The guide briefly explains vendor regulations, rights, and what a better system might look like - and with an average $14,000 salary, there's certainly room for improvement. There is also a bit of history and demographics with business that began as pushcarts (e.g. Bloomingdale's) and now celebrities (e.g. Jerry Seinfeld) who at one time or another were street vendors.

    There is also a second guide [pdf] for the street vendors themselves. Make sure you take a picture of that smiley, abusive policeman.

    [via New York Times]

  • Demographics in World of 100

    April 14, 2009  |  Infographics

    Designers seem to have taken a liking to the idea of showing world statistics as a village of 100. For example, if the world were a village of 100 people, 48 of them would be men. While we're essentially just looking at percentages, the village metaphor seems to do a better job at humanizing the numbers. Along the same lines, this poster series from Tony Ng, World of 100, uses simple graphics to relate to demographics like money, food, and computers:

    This is a self-initiated project based on the scenario – If the world were a village of 100 people. There are a few different versions of this text in circulation about the world’s statistics. I found the data very striking and neatly summarises the world that we live in. So I used information graphics to re-tell the story in another creative way.

    A few of the graphics seem kind of random, but hey, it's amusing.

    [via The Daily Dish]

  • Sprint Commercial Tells Us What’s Happening Right Now

    April 7, 2009  |  Infographics

    Sprint's "now" promotion seems to be in full swing. In line with their dashboard to the universe, they're currently airing this commercial (below) that shows various statistics on things that are happening right now. Apparently, the most common text messaging topic is...diapers?
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  • New York Times Shines at International Infographics Awards

    March 31, 2009  |  Infographics

    The infographics and news design blogs have been buzzing the past few days with the announcement of this year's Malofiej awards, which is essentially the awards ceremony for graphics in the news. There were winners from many papers around the world, but as you might expect, The New York Times shined brightest. The Times took home the Peter Sullivan Award (best in show) for Ebb and Flow at the Box Office (above) as well as the Miguel Urabayen Award (best map) for the Electoral Explorer (below).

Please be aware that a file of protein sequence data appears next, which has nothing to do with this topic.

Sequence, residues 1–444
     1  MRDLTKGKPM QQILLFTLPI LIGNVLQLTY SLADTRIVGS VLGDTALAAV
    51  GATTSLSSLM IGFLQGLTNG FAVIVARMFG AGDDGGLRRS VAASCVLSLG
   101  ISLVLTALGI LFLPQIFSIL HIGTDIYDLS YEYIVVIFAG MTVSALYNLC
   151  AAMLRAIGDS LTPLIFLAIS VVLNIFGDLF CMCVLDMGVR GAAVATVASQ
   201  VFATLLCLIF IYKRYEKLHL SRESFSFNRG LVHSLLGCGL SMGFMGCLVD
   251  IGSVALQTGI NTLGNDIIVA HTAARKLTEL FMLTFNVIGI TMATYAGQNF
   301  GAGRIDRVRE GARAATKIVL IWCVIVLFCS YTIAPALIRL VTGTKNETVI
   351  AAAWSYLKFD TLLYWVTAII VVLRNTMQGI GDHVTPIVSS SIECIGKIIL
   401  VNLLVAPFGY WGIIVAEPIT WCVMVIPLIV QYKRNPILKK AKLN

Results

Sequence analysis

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  • Facebook: On the Road to 200 million Users

    March 31, 2009  |  Infographics

    As we learned last week, Facebook has been growing worldwide ever since it began as a private network at Harvard in 2003. From 2004 to early 2006, the Facebook user base was all students, but ever since Facebook opened up to anyone with an email address the social networking site has been attracting an older crowd too. The fastest-growing group is now people over 35. This graphic from Lee Byron of the Facebook data team shows this worldwide growth along with interactions among an example user's network.

    [Thanks, Casey]

  • Check In on the State of the Economy

    March 26, 2009  |  Infographics

    This interesting chart from Russel Investments shows the current state of the economy and what it typically is according to seven key indicators such as credit risk, corporate debt, and market volatility. The blue bars provide a "typical" range, and the orange pointers show the current values. Above each orange pointer is an arrow that indicates whether we're trending towards or away from the typical.

    So for example, corporate debt is much higher than usual and it's trending towards typical. Mortgage delinquencies, however, are trending away from the typical. Scary. The chart is updated once a month. Hopefully all those arrows are pointing towards blue soon.

    [Thanks, Max]

  • Little Red Riding Hood, the Animated Infographic Story

    March 23, 2009  |  Infographics

    Tomas Nilsson, a graphic design student from Linköping University, tells the story of Little Red Riding Hood with animated infographics. The video (below) was inspired by Röyksopp's Remind Me and has that ever so familiar European electronica music moving things along. Covering topics from grandma's nutritional value to the aerodynamics of the traveling bus, the video is very tongue in cheek and totally worth the three minutes of your life.